CKI perpetual

CKI flies under radar with $300 million privately placed perpetual

Cheung Kong Infrastructure sells a $300 million hybrid, with the asset management arms of Goldman and J.P. Morgan assumed to be big buyers.
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Cheung Kong's Hong Kong headquarters, next to Bank of China
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<div style="text-align: left;"> Cheung Kong's Hong Kong headquarters, next to Bank of China </div>

Cheung Kong Infrastructure (CKI) quietly priced a $300 million perpetual bond on Thursday evening, after a delay of close to a week as the company had earlier faced technical issues surrounding its hybrid listing on the Luxembourg Stock Exchange.

The bonds were priced at par and offered a 7% yield — the same terms it had marketed the deal at the previous Friday. However, CKI chose to issue the shares through a private placement this time, and at a 6.5% discount to last Thursday’s close of HK$43.55 ($5.60) per share. The company is said to have offered a share discount instead of a private banking rebate, which was offered to accounts previously.

CKI, which is controlled by Hong Kong tycoon Li Ka-shing, agreed to issue 56.2 million shares at HK$40.73 per share, with the shares to be held by the fiduciary, The Bank of New York Mellon.

Lead banks Goldman Sachs and J.P. Morgan did the deal so quietly — and without releasing any distribution statistics — that some market participants assumed both banks’ asset management arms bought a lot of the paper.

The company reportedly gathered an order book in excess of $600 million the previous Friday — before it was forced to delay the deal due to questions from Luxembourg’s stock exchange. This time, it tapped only a few investors.

According to analysts, the deal will increase the company’s ability to make acquisitions and reduce its gearing levels, and if all goes well it will be able to sell shares at a higher price in the future to redeem the bonds. CKI can direct the fiduciary to sell the shares it holds at anytime at a price above HK$40.73. The proceeds will be on-lent by the fiduciary to CKI in the form of a senior promissory note to the fiduciary for the same amount.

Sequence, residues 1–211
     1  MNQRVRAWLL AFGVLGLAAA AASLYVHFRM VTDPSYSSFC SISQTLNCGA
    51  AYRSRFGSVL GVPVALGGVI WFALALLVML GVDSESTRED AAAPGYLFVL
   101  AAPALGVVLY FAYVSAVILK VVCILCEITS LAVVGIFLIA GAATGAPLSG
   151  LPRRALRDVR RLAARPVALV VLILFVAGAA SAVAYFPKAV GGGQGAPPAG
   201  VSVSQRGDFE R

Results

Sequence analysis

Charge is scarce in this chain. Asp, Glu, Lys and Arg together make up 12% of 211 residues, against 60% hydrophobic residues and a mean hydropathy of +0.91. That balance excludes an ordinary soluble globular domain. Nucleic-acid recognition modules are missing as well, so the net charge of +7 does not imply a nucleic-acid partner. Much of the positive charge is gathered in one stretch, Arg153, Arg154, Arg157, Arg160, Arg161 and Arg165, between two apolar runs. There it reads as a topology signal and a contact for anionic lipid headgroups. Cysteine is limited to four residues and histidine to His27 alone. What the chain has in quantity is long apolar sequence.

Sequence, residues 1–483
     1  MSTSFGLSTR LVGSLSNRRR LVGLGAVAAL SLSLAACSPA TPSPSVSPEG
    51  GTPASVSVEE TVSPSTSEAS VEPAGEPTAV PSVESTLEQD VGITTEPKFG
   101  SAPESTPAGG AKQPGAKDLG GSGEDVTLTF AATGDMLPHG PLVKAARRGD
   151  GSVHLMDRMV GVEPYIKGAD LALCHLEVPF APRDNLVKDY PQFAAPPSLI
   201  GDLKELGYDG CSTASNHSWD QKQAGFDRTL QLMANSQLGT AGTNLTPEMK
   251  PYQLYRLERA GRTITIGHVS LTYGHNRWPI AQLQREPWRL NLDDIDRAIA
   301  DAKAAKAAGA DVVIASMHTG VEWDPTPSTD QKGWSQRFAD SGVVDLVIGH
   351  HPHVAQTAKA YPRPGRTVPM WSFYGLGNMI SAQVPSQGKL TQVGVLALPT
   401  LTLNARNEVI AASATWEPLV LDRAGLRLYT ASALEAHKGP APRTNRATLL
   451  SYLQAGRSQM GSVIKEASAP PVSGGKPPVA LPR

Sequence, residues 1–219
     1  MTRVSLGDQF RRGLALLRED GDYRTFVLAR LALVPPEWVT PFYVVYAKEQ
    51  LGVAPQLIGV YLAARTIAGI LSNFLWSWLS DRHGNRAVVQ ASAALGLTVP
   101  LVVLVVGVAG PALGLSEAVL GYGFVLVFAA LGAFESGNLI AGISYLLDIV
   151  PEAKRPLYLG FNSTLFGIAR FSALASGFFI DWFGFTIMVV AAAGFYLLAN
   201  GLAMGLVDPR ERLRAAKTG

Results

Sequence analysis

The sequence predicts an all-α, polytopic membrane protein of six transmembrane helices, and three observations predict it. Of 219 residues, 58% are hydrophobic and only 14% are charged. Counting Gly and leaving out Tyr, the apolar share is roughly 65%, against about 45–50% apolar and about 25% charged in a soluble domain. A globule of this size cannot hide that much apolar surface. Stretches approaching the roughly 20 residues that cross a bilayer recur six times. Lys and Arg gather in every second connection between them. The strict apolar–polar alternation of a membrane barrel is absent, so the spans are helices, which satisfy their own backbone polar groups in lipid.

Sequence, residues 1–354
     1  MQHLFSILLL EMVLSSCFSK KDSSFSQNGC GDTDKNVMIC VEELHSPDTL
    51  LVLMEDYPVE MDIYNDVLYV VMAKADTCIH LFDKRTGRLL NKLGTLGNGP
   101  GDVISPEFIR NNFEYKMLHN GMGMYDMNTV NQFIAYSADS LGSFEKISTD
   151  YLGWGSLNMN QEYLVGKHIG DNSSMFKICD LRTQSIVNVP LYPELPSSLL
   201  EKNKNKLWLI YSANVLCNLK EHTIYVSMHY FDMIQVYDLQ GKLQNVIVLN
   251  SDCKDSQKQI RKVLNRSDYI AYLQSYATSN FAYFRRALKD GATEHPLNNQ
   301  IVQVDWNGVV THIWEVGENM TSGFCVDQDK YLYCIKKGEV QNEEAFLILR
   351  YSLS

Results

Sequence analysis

This arrangement gives CKI the option to sell shares to the market, bit by bit, instead of at one go. “The company wants to increase their free float and they have the option to sell those shares at any time,” said a source. “If they did a big block at one go, they would have to offer a bigger discount. The last time they sold at a 7% discount.”

In July 2011, CKI had sold $438 million worth of shares through a top-up placement that was priced at HK$40.41, or a 7% discount to the previous day’s close of HK$43.45.

If CKI chooses to call back the bonds at par after the second year, it can sell the shares at any price it wants to. Investors also have the option to convert their bonds into shares after five years at HK$40.73.

If CKI starts to sell shares before the second year, the bonds could rally as the likelihood of the company calling the bonds would be high and, in that case, the bonds offer a juicy coupon for a short tenor (assuming CKI calls the bonds at the second year).

Goldman was the sole structuring agent on the transaction.

Away from CKI, Sumitomo Mitsui Banking Corp has mandated Barclays Capital, UBS, Citi, Goldman and SMBC Nikko to arrange a series of fixed income investor calls and meetings in Asia and Europe starting on February 20. The company plans to issue a subordinated dollar bond subject to market conditions.

¬ Haymarket Media Limited. All rights reserved.

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